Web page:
Saturday, March 29, 2008

Hop in the Wayback Machine

These are images from my solo show at the Upstairs Artspace in Tryon, NC last summer. My work was in the "Small Works Gallery" while the Artbomb Studio artists from Greenville exhibited in the rest of the gallery space. A very enjoyable show...good people there.
The Upstairs is an excellent little not for profit gallery that focuses on contemporary art and if you have any extra money lying around you should just go ahead and send it to them and become a member.

Sunday, March 23, 2008

The old is the new new

Way back in my pre-kid life, I was afraid that having a kid would make me less productive as an artist. And certainly, there is the fact of time consumption to wrestle with, but I'm finding that just the opposite has been true so far. The first year or so has been a very creative and productive time.
Perhaps the most interesting thing is what the miniature one is teaching me about observation. I've always paid attention and considered myself an observer. I've even been careful to record sights, sounds, and events in my sketchbooks. But when you have someone who demands and gets your full attention pointing out every tiny detail around them, you begin to realize how all the smaller, less important things have escaped your notice for years.
In the last few days I've had the sun, the birds, the water, the cars, the trees, the door, the moon, and the wind called to my attention by someone who was truly amazed by the beauty of each one.
Here's a one year old teaching me about the sublime.

Sunday, March 16, 2008

Look out Andy Goldsworthy

My son made this today. He's little.
I'm not sure, but I think it may be a post-modern, post-post minimalist, post-neo-realist, naturalist, fluxus movement based statement about the ebb and flow of life, creation and destruction, and industrialism wrapped up in a metaphor about the tree of the knowledge of good and evil. Or the tree of life. Not really sure about that.

Saturday, March 15, 2008

the rite of spring

I'm with Stravinsky on this.

Thursday, March 13, 2008

see the birds?

Dont bother, there are no birds. This is just one of the phrases I hear several times each day. Sometimes there are birds. Sometimes not. Sometimes it becomes "hear the birds?". And really the "ds" in birds comes out with more of a "ths" sound.
I also get a chorus of "see the doggies?", "outside?", "ready...GO", "mailbox", "delicioso" (thank you Dora), and the now infamous "crap, crap, crap, crap!".
The talker in training is 1 1/2 and he's very entertaining. One thing I've noticed this week is how different his view of the world may be from mine. Nothing is boring to him. Nothing is to be overlooked. He spots everything and takes the time to point it out, touch it, and taste it unless someone stops him. In his 1 1/2 years of wisdom he seems to have a firm grasp on the importance of taking the time to really experience the things around him.

When he stands up on the back of the couch and looks out the window above, he sees Neverland. I mean, dont you see those birds? Cant you hear those dogs? Check out those bright yellow flowers. And what's all these clumps of green stuff. I bet you could run full speed across the grass and just jump in it. Oh and look at all those sticks just waiting to be picked up and carried around.
When I look out I mostly see that the grass needs cutting, the mulch needs re-mulching, and we probably need to get new windows soon.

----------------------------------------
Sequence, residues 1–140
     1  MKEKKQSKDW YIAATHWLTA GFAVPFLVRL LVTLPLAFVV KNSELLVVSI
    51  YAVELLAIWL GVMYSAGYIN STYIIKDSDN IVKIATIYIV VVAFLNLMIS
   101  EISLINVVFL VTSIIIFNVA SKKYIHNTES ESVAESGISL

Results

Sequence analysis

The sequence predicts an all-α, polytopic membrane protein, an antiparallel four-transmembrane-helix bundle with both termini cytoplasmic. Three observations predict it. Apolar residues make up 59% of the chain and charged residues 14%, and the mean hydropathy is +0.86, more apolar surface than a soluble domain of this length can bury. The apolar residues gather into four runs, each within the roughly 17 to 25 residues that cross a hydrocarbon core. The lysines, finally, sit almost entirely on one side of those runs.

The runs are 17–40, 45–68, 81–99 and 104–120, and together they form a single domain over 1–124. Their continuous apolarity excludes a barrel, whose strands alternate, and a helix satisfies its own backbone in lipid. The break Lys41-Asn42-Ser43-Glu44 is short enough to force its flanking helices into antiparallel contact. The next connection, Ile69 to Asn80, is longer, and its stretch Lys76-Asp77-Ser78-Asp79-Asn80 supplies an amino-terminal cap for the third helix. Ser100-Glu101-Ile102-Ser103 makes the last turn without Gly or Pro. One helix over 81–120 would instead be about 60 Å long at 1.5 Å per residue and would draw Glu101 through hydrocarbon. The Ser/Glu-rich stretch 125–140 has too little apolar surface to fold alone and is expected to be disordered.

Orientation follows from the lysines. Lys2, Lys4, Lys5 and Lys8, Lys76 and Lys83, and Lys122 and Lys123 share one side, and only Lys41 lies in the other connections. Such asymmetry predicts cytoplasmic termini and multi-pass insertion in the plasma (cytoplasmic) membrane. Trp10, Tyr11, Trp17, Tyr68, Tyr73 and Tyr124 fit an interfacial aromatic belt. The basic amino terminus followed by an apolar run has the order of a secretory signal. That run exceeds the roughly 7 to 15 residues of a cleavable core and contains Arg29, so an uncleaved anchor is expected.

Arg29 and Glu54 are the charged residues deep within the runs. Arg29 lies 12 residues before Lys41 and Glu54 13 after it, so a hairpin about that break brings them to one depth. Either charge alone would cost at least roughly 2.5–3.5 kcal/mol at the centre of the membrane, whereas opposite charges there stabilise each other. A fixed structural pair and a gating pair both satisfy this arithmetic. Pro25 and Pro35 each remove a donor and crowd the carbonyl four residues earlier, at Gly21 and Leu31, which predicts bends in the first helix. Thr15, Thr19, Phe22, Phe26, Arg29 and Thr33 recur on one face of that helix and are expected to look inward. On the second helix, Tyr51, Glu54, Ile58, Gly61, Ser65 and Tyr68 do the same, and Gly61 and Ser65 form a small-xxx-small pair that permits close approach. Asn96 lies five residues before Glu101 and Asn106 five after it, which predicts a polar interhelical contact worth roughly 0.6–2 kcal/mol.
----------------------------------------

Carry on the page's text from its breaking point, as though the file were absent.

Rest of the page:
I like what he sees better.

Tuesday, March 4, 2008


Maxfield Parrish

Maybe I'm just slow, but I tend to find it easier to understand my influences in the rear view mirror. With a little space and distance between us the idea will often relax and make himself at home until he's comfortable enough to share information.
I became interested in the importance of the use of color in my artwork in graduate school and ended up writing my thesis on the topic. In the years since, I've continued to explore my curiousity regarding color and focused that interest in how the viewer will interpret particular colors based on their personal histories with those colors. I've researched the symbolic meanings of specific colors and how those colors can influence how a viewer may respond emotionally to a work of art.
I can admit that over the course of all this research I never remembered to look up Maxfield Parrish.
I used to love Parrish's work and remember looking at his illustrations as a child and buying those cheesy calendars featuring his most famous paintings just to cut them up and post them on my walls. I could justify this interest by explaining that Parrish was a master of composition, rendering, and visual communication but that wouldnt be the whole truth. What truly attracted me to his painting and kept my interest over the years was his use of color. Specifically his use of the color blue."Interlude"

Now I understand that the blue I responded to in reproductions of his work were not always true to the original. I also understand that his powerful use of blue was, in part, a by-product of the processes he experimented with in order to overcome the problems of ink reproductions and that if anything the blue existing in the original painting was even more powerful and stunning than the reproduction.
But, then.....I dont really care. I still can't stop looking at that blue. It is beautiful and ethereal. Majestic and mysterious. I has the ability to stop you and hold you just out of gravity's grasp.
It took me actually walking into a gallery show of Parrish's work last week to remember all this. As soon as I walked inside and was bombarded by blue the connection was made. This is about color. This is about the sublime. This is about the power of color to communicate.

Saturday, March 1, 2008